March 17, 2009 — The brown-bag talk by Robin Sproul, Washington bureau chief for ABC News, was titled “The New Administration and Change,” but it could have as easily been “The Next 50 days.”
“The biggest change [in Washington] is velocity, the speed of change that’s happening,” said Sproul, a Shorenstein Center fellow in fall 2007. She quickly ticked off just some of the issues the Obama administration was tackling, including Guantanamo, the war on drugs, stem cells, Afghanistan, housing, financial services, education (“an extraordinary push forward”), the automotive industry, the stimulus package, and a new budget. Even health-care reform, a longstanding issue that eluded a major effort by the Clinton administration, could be accomplished by year’s end, with a bill “potentially ready by summer,” she said with amazement.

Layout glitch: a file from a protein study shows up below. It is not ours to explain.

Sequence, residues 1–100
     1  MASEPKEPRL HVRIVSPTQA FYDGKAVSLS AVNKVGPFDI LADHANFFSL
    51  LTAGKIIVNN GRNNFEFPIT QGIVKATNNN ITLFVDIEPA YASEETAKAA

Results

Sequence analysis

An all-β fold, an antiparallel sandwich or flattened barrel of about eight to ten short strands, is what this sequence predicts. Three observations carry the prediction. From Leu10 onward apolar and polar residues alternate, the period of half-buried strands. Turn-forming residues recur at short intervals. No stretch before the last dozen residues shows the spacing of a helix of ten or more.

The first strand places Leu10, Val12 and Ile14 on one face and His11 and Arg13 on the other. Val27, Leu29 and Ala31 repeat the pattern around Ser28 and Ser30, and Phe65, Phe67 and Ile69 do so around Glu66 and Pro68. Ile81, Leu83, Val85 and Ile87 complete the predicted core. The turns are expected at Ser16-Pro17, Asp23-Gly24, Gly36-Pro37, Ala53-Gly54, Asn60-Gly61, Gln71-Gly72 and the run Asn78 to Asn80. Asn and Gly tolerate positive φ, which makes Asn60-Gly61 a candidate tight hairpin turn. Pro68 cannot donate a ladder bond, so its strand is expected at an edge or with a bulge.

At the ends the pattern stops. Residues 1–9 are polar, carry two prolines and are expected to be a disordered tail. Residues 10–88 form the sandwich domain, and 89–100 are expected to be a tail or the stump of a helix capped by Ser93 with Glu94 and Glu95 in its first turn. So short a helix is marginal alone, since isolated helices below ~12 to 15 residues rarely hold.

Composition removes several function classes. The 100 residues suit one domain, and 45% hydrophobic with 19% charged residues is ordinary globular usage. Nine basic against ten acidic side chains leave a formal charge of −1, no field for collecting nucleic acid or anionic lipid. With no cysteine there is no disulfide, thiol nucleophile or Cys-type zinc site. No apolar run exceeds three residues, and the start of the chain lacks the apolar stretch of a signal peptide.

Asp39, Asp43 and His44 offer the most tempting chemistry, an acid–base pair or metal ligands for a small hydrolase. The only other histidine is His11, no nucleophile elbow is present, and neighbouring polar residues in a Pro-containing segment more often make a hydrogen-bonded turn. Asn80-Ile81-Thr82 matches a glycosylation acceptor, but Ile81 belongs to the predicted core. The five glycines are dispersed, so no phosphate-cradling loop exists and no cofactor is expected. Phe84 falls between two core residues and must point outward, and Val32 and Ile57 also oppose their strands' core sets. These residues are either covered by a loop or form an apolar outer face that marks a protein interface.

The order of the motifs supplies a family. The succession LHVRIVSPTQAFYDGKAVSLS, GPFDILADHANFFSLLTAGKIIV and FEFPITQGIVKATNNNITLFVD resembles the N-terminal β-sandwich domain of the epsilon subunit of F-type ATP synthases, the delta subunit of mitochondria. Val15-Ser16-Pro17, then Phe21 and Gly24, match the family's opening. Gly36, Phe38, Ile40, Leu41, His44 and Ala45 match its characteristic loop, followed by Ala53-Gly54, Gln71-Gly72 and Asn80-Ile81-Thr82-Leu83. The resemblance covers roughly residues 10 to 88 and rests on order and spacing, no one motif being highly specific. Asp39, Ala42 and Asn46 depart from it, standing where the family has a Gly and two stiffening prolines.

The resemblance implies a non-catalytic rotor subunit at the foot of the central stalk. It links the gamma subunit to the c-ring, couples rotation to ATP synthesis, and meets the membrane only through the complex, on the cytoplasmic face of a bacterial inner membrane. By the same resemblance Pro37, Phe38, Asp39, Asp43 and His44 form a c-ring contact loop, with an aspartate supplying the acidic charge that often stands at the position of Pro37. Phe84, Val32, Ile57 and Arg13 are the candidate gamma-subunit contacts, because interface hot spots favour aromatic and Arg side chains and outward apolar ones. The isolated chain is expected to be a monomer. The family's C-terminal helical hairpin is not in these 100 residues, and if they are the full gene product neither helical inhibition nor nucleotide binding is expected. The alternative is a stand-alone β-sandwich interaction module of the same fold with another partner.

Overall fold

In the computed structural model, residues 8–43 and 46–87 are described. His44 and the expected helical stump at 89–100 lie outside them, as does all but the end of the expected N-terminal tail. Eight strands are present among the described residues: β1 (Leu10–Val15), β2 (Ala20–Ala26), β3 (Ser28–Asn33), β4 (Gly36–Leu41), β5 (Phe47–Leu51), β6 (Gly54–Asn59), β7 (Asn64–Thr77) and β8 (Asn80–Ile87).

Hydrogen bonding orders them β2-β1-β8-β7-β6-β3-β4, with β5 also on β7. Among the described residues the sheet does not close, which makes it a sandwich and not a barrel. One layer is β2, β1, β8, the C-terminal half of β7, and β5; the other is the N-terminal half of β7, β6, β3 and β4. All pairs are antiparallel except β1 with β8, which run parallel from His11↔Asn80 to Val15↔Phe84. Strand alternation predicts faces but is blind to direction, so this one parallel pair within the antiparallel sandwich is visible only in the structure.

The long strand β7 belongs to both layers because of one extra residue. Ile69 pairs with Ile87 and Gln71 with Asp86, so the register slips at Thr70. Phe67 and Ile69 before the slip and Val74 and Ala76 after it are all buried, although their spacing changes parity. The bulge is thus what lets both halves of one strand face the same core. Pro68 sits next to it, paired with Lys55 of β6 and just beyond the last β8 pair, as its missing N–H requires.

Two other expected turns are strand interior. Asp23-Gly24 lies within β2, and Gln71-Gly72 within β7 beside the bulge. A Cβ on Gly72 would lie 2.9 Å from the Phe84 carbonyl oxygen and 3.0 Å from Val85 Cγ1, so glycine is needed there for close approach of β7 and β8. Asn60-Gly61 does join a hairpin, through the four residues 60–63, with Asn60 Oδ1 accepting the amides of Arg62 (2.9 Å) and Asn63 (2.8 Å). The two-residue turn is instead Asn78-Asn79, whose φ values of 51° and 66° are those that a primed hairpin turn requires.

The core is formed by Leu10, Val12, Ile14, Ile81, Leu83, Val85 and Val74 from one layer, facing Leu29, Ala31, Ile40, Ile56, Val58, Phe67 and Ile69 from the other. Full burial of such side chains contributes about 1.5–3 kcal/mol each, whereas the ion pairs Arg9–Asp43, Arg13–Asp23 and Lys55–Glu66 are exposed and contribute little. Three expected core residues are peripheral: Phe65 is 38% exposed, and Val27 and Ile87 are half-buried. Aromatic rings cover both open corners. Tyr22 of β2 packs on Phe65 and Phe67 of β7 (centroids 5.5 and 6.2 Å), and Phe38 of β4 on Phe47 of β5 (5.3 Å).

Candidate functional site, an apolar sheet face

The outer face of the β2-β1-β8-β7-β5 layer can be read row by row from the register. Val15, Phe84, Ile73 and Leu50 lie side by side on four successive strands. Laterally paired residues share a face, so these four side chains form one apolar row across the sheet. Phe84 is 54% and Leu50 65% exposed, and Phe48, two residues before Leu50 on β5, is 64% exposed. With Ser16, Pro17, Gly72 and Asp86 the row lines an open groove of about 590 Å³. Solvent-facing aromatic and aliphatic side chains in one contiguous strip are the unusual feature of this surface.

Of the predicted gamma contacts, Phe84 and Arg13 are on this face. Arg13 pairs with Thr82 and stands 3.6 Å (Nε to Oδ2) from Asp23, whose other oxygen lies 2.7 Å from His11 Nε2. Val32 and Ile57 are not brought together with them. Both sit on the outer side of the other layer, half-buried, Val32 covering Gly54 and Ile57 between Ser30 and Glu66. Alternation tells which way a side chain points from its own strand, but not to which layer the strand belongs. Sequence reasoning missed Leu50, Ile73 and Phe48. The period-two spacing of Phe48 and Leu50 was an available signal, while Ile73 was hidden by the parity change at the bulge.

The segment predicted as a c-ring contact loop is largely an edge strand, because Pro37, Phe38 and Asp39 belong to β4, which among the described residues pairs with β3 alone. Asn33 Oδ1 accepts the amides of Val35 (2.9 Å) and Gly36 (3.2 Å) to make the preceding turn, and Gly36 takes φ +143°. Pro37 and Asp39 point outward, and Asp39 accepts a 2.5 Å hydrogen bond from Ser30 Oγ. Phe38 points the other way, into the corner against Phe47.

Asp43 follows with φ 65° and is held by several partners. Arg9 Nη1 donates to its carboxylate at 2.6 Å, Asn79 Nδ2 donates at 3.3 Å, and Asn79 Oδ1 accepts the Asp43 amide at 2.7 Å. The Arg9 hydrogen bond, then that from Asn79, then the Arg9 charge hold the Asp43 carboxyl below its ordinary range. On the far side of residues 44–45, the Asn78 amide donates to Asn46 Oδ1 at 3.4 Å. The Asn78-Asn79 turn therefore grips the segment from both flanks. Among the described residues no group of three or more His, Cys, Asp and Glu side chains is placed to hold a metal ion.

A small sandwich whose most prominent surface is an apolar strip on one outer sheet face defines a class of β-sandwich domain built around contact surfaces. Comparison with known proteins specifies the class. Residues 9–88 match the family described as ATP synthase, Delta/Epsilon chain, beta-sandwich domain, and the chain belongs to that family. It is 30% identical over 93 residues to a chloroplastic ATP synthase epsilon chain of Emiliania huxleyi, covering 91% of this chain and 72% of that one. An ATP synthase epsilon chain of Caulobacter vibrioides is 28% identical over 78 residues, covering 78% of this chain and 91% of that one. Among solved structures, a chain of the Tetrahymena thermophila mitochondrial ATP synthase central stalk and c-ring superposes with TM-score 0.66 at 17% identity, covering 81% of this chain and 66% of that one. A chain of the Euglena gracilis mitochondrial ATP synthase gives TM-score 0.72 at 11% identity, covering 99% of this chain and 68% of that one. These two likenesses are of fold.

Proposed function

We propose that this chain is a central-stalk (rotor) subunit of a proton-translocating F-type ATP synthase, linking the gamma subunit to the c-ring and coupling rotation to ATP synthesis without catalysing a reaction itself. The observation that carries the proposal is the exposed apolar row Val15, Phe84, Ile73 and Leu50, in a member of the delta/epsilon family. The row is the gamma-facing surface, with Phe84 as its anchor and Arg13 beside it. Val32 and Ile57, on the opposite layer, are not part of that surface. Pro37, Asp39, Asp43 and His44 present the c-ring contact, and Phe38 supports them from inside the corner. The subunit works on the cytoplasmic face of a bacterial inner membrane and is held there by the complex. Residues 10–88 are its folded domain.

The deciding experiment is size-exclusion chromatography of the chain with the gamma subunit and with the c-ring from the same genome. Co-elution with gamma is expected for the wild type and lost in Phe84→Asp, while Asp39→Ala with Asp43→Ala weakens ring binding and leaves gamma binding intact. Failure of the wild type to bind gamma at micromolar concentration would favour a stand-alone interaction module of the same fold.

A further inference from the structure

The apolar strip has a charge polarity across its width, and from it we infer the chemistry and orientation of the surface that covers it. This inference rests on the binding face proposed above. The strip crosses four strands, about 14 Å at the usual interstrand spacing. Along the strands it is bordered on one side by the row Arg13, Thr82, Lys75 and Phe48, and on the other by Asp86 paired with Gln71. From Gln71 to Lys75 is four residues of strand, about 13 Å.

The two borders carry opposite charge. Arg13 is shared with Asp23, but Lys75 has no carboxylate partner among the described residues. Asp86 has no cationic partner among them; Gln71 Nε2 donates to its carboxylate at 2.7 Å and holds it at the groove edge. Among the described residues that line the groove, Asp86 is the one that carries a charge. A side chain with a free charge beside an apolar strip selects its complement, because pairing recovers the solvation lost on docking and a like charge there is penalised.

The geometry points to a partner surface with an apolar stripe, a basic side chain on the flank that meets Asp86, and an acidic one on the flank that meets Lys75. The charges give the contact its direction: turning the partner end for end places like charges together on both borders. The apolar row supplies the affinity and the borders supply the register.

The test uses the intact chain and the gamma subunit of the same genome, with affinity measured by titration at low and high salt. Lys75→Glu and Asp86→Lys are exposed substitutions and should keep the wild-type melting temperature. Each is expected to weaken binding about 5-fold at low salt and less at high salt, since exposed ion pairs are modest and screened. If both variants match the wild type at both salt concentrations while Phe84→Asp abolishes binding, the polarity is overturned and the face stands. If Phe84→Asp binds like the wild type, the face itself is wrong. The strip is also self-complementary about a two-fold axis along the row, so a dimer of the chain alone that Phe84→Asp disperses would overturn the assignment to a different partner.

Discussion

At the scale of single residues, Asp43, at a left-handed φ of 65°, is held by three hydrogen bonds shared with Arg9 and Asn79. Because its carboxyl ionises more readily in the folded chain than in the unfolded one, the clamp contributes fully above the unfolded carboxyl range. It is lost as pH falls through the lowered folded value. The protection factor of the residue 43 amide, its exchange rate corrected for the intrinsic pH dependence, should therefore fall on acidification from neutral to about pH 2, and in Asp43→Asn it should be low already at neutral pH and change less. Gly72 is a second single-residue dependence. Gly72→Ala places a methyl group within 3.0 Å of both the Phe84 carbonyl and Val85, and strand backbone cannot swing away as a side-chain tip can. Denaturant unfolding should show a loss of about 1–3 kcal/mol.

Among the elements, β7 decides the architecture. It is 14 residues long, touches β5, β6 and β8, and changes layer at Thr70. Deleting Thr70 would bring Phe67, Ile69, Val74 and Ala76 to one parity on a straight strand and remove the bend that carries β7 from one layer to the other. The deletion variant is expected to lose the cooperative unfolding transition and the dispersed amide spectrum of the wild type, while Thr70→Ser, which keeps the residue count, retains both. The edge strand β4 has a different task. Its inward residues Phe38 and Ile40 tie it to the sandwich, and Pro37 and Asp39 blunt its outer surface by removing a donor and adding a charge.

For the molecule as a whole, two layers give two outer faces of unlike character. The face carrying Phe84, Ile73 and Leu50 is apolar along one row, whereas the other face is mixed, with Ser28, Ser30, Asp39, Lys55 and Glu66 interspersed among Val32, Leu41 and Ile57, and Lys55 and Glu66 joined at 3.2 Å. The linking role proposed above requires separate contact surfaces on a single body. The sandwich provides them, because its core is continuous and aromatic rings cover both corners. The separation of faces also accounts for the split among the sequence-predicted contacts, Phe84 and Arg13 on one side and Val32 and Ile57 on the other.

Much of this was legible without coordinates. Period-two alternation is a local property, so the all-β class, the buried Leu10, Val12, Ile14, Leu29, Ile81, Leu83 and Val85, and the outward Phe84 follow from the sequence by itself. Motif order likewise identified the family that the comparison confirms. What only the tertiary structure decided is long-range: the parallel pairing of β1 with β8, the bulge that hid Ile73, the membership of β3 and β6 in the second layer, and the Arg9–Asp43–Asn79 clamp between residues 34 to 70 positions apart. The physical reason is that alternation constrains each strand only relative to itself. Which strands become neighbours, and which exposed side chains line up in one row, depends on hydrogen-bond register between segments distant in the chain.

“Seven bills signed in the first 50 days,” Sproul said, then put it in context: “In the first 50 days of the Bush administration there was one bill signing,” a proclamation congratulating Ronald Reagan on his 90th birthday.
This has raised questions of “speed versus focus,” but the feeling within the administration is that “this is a moment of opportunity,” Sproul said. She felt that in Obama’s second 50 days he would start to draw on his network of supporters, the “outside army.” This included everyone from former campaign field workers up to higher-level individuals who’ve chose to support the administration from outside.
This article was written by Leighton Walter Kille and the photos taken by Janell Sims, both of the Shorenstein Center.